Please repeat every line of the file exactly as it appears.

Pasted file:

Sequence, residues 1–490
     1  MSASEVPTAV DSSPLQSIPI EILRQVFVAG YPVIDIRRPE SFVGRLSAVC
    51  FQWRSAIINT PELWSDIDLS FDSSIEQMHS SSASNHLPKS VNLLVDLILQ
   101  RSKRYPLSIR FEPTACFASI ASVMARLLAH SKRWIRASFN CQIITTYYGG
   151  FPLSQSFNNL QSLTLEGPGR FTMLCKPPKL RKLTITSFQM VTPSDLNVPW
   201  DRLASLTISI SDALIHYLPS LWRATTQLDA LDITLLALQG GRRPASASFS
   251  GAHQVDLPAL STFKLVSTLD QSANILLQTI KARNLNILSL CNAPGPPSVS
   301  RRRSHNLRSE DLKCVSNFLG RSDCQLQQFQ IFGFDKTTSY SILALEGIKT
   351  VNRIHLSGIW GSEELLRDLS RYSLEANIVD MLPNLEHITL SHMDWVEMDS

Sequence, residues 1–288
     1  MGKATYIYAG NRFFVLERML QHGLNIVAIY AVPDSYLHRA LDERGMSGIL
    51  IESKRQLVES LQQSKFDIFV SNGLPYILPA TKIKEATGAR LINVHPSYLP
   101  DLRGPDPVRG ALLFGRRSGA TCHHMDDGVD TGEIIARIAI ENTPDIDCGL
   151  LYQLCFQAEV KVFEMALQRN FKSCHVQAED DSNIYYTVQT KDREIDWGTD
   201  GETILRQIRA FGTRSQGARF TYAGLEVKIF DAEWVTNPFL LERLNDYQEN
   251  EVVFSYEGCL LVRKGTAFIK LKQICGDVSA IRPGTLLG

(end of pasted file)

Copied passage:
Sequence, residues 1–490
     1  MSASEVPTAV DSSPLQSIPI EILRQVFVAG YPVIDIRRPE SFVGRLSAVC
    51  FQWRSAIINT PELWSDIDLS FDSSIEQMHS SSASNHLPKS VNLLVDLILQ
   101  RSKRYPLSIR FEPTACFASI ASVMARLLAH SKRWIRASFN CQIITTYYGG
   151  FPLSQSFNNL QSLTLEGPGR FTMLCKPPKL RKLTITSFQM VTPSDLNVPW
   201  DRLASLTISI SDALIHYLPS LWRATTQLDA LDITLLALQG GRRPASASFS
   251  GAHQVDLPAL STFKLVSTLD QSANILLQTI KARNLNILSL CNAPGPPSVS
   301  RRRSHNLRSE DLKCVSNFLG RSDCQLQQFQ IFGFDKTTSY SILALEGIKT
   351  VNRIHLSGIW GSEELLRDLS RYSLEANIVD MLPNLEHITL SHMDWVEMDS

Sequence, residues 1–288
     1  MGKATYIYAG NRFFVLERML QHGLNIVAIY AVPDSYLHRA LDERGMSGIL
    51  IESKRQLVES LQQSKFDIFV SNGLPYILPA TKIKEATGAR LINVHPSYLP
   101  DLRGPDPVRG ALLFGRRSGA TCHHMDDGVD TGEIIARIAI ENTPDIDCGL
   151  LYQLCFQAEV KVFEMALQRN FKSCHVQAED DSNIYYTVQT KDREIDWGTD
   201  GETILRQIRA FGTRSQGARF TYAGLEVKIF DAEWVTNPFL LERLNDYQEN
   251  EVVFSYEGCL LVRKGTAFIK LKQICGDVSA IRPGTLLG